Wednesday, September 8, 2021

Britain, Slavery, and Anti-Slavery

 From History Reclaimed:

From time of Muhammad in the 600s onward, slavery was practised throughout the Islamic world. In the 8th and 9th centuries the Vikings supplied slave markets in Arab Spain and Egypt with slaves from eastern Europe and the British Isles. In the 1600s corsairs or pirates from the Barbary Coast of north Africa raided English merchant ships, and even Cornish villages, for slaves. One estimate has it that raiders from Tunis, Algiers and Tripoli alone enslaved between 1-1.25m Europeans from the beginning of the 16th century to the middle of the 18th century.[i]

Meanwhile, Africans had been busy enslaving other Africans for centuries, mostly by capturing them in war or raids, sometimes taking them in lieu of debt. Often slaves were destined for profitable export, first to Roman markets and then to Arab ones. But they also had their local uses, which included supplying victims for human sacrifices. The practice of human sacrifice in west Africa was attested as early as the 10th century by Ibn Hawqal,[ii] and by Europeans four hundred years later. Human sacrifices—as distinct from the judicial execution of criminals—served a variety of purposes: sometimes to appease the gods, but more often to supply a deceased master with servants in the afterlife, to make a conspicuous display of extravagant wealth, and to intimidate onlookers. Although wives, favourites, women, and foreigners were also liable to serve as victims, slaves—usually war captives—were the main source. Commonly, their fate, especially at funerals, was to be buried alive. One report in 1797 has it that between 1,400 and 1,500 people were sacrificed at royal funerals in Asante.[iii]

Slavery and the slave-trade, then, were alive and well in Africa long before Europeans arrived to develop the export market. The Portuguese were the first to seek slaves from West Africa in the 1440s, to make up for a labour-shortage in Portugal and to man sugar plantations on their Atlantic island possessions, not least Madeira. Between 1525 and 1866 the Portuguese Empire is reckoned to have shipped 5,841,468 slaves out of Africa, amounting to 46.7 per cent of the grand total of African slave exports of 12,508,381. After the Portuguese came the English—or, from 1707, the British—with 3,259,443 slaves exported or 26.1 per cent of the total, mostly between 1660 and 1807.[iv] The exporting was primarily done by merchants operating under the charter of the Royal African Company, which granted not only a monopoly, but the right (and obligation) to establish forts and ‘factories’ (trading posts), maintain troops, and exercise martial law on the west African coast.[v] In fact, the Company was never able to secure its monopoly against interlopers, and in 1698 it was formally withdrawn.[vi]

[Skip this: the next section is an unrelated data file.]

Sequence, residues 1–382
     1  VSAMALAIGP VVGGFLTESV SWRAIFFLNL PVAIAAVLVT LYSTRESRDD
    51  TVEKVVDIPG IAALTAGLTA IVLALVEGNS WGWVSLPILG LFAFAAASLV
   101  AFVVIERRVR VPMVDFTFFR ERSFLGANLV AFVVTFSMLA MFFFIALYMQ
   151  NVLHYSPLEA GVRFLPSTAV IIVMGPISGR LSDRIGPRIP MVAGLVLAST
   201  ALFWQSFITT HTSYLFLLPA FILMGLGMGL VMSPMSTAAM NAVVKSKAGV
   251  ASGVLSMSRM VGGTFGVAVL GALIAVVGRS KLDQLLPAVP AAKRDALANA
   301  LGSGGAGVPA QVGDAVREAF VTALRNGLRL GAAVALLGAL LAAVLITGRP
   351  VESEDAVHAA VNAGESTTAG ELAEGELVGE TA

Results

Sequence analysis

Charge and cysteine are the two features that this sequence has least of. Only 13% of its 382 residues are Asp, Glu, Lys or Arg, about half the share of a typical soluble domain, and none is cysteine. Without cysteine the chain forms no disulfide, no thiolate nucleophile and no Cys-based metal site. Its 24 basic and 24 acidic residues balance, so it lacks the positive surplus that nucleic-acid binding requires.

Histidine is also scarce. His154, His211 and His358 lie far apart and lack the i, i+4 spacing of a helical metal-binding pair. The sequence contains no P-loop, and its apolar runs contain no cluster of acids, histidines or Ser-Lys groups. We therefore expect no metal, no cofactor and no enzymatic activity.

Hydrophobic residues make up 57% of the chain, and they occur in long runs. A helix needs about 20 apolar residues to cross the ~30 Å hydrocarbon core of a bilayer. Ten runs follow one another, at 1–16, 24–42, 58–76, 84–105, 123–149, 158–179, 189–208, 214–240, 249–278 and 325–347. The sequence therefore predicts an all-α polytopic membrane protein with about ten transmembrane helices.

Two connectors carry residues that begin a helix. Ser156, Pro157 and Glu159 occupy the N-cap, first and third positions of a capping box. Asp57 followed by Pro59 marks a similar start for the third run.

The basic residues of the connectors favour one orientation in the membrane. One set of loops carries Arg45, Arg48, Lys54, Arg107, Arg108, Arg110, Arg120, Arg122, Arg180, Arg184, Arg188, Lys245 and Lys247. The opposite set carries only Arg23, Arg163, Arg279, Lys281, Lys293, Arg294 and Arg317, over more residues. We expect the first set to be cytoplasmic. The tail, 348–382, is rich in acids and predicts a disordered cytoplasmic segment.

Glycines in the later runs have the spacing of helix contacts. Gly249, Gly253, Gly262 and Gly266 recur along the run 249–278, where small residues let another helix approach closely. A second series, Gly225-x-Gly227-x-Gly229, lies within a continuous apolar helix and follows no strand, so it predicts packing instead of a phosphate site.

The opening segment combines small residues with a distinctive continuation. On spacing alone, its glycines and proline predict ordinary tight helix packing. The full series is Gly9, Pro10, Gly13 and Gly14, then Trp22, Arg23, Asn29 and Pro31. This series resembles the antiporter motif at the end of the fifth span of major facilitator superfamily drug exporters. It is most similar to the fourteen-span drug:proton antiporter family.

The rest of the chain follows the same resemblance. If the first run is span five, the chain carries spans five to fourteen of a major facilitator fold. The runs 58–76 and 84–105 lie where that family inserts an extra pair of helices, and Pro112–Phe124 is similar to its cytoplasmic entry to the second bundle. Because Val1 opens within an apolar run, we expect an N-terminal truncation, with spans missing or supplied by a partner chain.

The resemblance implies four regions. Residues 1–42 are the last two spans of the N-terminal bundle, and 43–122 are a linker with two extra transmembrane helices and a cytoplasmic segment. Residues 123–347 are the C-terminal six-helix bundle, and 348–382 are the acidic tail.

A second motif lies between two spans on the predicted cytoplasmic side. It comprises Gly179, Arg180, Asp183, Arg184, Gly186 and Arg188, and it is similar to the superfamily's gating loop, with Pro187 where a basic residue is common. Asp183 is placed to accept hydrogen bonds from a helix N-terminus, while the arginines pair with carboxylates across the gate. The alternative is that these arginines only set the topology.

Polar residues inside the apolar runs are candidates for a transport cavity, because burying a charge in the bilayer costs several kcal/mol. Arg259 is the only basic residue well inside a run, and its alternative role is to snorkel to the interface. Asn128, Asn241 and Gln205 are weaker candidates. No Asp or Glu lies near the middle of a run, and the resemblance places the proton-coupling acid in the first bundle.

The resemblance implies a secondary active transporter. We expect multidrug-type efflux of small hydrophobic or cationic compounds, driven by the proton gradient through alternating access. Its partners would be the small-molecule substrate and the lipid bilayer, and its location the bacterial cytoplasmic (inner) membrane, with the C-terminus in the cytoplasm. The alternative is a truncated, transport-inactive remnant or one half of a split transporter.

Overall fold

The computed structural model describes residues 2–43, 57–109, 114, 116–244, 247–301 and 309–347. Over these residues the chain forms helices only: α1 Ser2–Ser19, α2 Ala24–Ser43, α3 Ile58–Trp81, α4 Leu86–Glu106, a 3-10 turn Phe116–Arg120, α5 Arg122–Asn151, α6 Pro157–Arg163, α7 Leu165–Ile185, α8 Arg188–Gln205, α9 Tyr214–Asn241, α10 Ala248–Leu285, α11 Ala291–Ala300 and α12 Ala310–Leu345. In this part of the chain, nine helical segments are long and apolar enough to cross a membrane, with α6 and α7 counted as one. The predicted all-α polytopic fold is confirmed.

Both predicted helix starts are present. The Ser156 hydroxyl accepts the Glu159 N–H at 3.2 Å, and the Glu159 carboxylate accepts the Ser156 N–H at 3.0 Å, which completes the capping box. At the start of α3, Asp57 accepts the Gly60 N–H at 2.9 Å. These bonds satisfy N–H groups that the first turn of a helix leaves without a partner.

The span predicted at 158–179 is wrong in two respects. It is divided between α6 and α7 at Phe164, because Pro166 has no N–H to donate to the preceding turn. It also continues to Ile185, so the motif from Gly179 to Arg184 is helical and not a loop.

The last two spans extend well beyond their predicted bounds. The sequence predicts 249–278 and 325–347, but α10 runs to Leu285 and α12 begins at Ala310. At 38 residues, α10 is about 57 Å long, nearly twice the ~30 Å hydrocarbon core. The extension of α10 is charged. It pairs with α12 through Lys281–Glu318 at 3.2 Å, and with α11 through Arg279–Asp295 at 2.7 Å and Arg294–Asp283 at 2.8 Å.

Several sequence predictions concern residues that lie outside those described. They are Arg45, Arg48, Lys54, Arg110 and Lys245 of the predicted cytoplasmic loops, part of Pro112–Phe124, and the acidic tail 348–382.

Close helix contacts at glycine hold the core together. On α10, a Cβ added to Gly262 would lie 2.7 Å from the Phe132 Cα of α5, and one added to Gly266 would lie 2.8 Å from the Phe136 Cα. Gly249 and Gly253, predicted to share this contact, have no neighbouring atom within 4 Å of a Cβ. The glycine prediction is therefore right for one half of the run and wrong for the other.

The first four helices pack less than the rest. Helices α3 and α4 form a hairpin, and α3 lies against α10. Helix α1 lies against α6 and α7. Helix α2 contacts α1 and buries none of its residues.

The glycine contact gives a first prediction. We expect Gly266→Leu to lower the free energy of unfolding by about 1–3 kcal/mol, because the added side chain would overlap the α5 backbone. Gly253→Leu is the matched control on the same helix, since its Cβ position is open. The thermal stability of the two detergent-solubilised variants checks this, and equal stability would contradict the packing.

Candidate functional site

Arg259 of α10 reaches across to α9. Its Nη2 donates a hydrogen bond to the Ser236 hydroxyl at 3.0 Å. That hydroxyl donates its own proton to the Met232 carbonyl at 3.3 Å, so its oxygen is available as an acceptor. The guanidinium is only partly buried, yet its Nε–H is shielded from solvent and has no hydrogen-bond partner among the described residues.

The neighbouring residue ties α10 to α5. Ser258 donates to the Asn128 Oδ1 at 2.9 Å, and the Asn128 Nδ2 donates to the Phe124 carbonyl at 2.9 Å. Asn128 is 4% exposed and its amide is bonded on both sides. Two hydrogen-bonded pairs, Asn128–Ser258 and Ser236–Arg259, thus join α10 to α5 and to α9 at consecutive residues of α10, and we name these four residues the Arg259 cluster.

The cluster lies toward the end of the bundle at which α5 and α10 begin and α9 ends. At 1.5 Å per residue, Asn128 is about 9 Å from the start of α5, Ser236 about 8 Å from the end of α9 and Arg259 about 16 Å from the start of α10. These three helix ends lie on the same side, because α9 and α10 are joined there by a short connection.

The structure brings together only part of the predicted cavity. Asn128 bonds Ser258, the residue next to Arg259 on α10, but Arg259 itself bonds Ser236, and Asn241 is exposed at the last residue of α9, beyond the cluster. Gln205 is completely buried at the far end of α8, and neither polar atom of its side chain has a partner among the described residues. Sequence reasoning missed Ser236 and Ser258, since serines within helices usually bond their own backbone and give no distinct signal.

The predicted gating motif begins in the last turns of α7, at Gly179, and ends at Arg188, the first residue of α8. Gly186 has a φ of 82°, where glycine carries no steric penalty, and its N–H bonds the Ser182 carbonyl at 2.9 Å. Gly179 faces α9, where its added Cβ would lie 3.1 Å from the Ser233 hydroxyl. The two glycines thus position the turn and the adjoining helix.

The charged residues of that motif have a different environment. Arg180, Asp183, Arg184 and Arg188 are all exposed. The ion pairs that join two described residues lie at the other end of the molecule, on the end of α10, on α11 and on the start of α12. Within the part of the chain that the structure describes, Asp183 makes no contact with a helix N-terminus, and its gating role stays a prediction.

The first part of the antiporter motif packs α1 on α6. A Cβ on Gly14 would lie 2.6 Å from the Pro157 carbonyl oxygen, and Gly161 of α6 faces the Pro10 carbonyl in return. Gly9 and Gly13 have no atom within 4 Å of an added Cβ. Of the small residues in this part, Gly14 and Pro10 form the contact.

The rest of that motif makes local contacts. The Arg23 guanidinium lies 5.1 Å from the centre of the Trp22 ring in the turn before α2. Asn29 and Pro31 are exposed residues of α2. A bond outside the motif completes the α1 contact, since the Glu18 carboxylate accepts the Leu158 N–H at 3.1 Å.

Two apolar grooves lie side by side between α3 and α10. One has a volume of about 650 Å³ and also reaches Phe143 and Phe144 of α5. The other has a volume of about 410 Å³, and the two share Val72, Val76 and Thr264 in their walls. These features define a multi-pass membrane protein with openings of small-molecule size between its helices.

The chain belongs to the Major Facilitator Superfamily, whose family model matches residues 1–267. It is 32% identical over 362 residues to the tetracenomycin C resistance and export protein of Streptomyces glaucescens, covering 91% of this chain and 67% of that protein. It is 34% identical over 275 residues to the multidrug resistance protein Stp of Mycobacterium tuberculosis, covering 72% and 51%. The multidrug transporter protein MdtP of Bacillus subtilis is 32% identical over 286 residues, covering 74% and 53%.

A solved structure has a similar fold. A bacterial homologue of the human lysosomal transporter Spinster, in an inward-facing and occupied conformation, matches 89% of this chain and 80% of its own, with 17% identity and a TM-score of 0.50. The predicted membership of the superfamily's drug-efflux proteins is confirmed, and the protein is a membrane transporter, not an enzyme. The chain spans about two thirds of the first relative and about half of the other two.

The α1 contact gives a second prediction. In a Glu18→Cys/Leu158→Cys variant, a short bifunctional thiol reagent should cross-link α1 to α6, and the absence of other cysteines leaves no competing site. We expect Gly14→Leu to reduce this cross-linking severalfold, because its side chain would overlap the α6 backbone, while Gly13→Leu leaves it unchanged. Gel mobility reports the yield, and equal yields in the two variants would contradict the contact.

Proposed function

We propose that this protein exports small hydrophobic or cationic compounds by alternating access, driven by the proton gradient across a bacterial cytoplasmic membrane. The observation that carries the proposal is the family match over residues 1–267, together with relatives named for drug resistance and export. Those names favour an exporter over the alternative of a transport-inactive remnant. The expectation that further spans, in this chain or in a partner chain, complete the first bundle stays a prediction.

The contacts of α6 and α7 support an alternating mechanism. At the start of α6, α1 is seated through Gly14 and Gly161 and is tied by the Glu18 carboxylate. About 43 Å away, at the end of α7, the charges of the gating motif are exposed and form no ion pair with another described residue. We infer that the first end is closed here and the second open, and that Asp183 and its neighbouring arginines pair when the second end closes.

The conditions under which slaves were transported across the Atlantic were infamously dreadful, with the human cargo packed like sardines below decks, initially shackled, starved of daily fresh air and sunlight for all but an hour or two, malnourished, dehydrated, and prey to disease for a voyage lasting up to six weeks. According to one estimate, of the African slaves shipped by British traders in 1672-87 a full 23 per cent were ‘lost in transit’.[vii] It seems that conditions improved later, since, according to another estimate, over the much longer period 1662-1807 only 13.2 per cent died before they reached the shores of the Americas.[viii] However, even if this does represent an ‘improvement’, it still amounts to the loss of about 450,000 souls. (Read more.)

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